ADM targets Dec. 1 for launch of ethanol subsidiary

By Erin Voegele | October 31, 2019

Archer Daniels Midland Co. has announced plans to launch Vantage Corn Processors, its stand-alone ethanol subsidiary, by Dec. 1. Ray Young, chief financial officer at ADM, also said the company is working with interested parties on strategic alternatives for the business.

Young made his comments during an Oct. 31 earnings call held by the company to discuss third quarter financial results.

The company reported  that third quarter results for its carbohydrate solutions business were substantially lower than last year. The division includes bioproducts, which reported significantly lower earnings due primarily to the unfavorable margin environment for the ethanol industry.

During the call, Young said bioproducts results were significantly lower when compared to the third quarter of last year hear, driven by high industry inventories and higher net corn costs in North America. Those factors led to a challenged industry market environment, he said. Young also noted that ethanol margins remain negatively impacted by the lack of Chinese purchases from the U.S. and by small refinery exemptions (SREs).

Regarding the launch of Vantage Corn Processors, Juan Luciano, chairman and CEO of ADM, said the company is currently targeting Dec. 1. According to Luciano, the launch of the subsidiary is an important step as the company continues to evaluate strategic alternatives for its dry mill facilities.

Young said that ADM is currently working with “quite a few interested parties” and is at the initial stage of some form of sale, joint venture or other type of structured transaction. “We’re…well along our way there in terms of our strategic alternatives,” he said.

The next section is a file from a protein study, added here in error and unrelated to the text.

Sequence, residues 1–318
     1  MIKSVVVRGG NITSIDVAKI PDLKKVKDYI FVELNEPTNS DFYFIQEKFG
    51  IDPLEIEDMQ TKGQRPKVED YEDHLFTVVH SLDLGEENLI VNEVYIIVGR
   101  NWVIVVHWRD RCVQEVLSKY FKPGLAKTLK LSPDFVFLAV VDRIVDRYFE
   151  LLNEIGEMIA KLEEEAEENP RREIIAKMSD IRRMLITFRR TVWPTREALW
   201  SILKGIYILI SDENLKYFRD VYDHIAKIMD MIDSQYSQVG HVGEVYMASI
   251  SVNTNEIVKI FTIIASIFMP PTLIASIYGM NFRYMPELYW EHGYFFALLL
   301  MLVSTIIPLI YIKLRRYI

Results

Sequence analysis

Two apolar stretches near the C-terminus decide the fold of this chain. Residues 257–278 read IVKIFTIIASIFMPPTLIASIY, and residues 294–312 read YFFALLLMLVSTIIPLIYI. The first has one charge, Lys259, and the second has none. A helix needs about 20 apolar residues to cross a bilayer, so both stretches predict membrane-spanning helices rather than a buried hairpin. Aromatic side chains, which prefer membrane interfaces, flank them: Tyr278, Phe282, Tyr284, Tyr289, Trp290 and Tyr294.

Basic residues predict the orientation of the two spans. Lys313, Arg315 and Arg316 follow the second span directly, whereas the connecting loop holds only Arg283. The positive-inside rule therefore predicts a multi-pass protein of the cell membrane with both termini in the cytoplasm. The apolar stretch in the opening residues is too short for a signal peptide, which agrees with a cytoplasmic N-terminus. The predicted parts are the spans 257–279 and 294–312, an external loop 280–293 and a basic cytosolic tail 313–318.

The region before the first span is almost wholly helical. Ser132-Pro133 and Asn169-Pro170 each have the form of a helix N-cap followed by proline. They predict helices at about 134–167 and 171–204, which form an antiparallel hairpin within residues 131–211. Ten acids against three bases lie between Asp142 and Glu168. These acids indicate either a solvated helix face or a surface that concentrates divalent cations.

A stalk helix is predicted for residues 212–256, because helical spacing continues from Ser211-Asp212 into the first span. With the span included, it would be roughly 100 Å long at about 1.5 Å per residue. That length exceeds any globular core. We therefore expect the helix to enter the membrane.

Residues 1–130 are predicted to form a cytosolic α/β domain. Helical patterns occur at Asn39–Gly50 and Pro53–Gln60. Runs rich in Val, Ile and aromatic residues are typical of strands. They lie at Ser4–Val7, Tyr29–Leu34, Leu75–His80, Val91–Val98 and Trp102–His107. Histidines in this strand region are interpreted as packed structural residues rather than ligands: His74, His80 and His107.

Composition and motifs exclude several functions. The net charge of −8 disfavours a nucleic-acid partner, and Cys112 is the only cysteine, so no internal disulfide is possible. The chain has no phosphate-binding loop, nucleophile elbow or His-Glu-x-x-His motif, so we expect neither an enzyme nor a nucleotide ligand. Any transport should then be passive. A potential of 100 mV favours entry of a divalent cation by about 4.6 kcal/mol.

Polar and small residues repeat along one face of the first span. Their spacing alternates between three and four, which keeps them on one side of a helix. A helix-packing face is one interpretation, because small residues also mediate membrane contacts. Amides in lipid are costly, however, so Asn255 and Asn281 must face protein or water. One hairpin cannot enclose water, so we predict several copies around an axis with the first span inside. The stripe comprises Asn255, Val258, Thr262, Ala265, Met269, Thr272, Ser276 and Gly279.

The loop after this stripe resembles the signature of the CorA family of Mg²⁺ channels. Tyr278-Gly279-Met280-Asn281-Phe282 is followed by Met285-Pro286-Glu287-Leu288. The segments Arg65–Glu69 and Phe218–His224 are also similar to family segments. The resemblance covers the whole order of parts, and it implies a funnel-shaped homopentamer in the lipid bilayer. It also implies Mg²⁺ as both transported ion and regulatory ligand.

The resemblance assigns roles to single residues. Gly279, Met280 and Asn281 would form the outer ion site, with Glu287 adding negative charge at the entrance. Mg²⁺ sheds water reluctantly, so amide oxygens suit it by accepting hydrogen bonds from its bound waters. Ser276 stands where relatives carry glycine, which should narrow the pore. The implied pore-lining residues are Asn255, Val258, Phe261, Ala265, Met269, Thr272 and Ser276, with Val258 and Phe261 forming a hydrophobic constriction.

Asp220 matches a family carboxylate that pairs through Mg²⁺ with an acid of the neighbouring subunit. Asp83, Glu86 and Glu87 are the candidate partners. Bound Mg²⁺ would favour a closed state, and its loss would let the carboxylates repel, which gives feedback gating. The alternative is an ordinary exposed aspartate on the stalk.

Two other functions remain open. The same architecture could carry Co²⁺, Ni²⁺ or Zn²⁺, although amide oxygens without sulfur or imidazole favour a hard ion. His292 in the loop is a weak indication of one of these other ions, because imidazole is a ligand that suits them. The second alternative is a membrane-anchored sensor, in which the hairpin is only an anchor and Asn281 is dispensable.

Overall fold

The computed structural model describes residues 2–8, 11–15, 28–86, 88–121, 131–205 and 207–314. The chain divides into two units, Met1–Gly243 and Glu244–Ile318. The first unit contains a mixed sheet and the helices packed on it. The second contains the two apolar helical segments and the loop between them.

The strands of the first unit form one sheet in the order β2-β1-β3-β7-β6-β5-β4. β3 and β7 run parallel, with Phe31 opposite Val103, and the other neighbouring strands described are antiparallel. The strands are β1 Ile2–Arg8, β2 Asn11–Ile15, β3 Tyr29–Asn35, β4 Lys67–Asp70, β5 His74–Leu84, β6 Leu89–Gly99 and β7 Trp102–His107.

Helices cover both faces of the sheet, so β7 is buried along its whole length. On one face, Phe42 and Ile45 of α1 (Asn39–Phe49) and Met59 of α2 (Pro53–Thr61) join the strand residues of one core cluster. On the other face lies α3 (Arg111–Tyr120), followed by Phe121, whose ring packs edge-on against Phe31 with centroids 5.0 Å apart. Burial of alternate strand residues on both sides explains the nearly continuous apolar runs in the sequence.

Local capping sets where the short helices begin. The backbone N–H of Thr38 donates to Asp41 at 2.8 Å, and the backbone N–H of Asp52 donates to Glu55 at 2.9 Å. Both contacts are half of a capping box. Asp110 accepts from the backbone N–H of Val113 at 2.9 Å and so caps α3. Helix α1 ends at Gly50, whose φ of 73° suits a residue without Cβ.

Young also briefly discussed the current state of the ethanol industry. He said the ethanol margin environment this year has been extremely challenging and many facilities have idled production. That idling of production capacity, however, has helped drive improved ethanol margins, he said, particularly after Labor Day. “There has been some rebalancing of supply and demand,” Young added, noting that increases in incremental demand are also needed to drive ethanol margins higher.

Moving forward, Young said it’s difficult to see a scenario by which ethanol industry margins in 2020 are worse than in 2019. He said he is somewhat encouraged by the idling of facilities, which shows there seems to be a bit more discipline in the industry right now in terms of trying to better match supply and demand.

“I do believe that it is important that the U.S. ethanol industry is strong, because that results in basically the U.S. agriculture industry being strong,” he said. “Therefore, we remain optimistic that we’ll get toward some solution that will drive incremental demand and hence stronger ethanol margins in the future.”

The bioproducts segment, which includes ethanol, reported an operating loss of $25 million for the third quarter, compared to $43 million in operating profit for the same period of last year. Overall, ADM reported $764 million in adjusted segment operating profit, down from $861 million during the third quarter of 2018. Earnings per share were 72 cents, down from 94 cents, while adjusted earnings per share fell to 77 cents, down from 92 cents.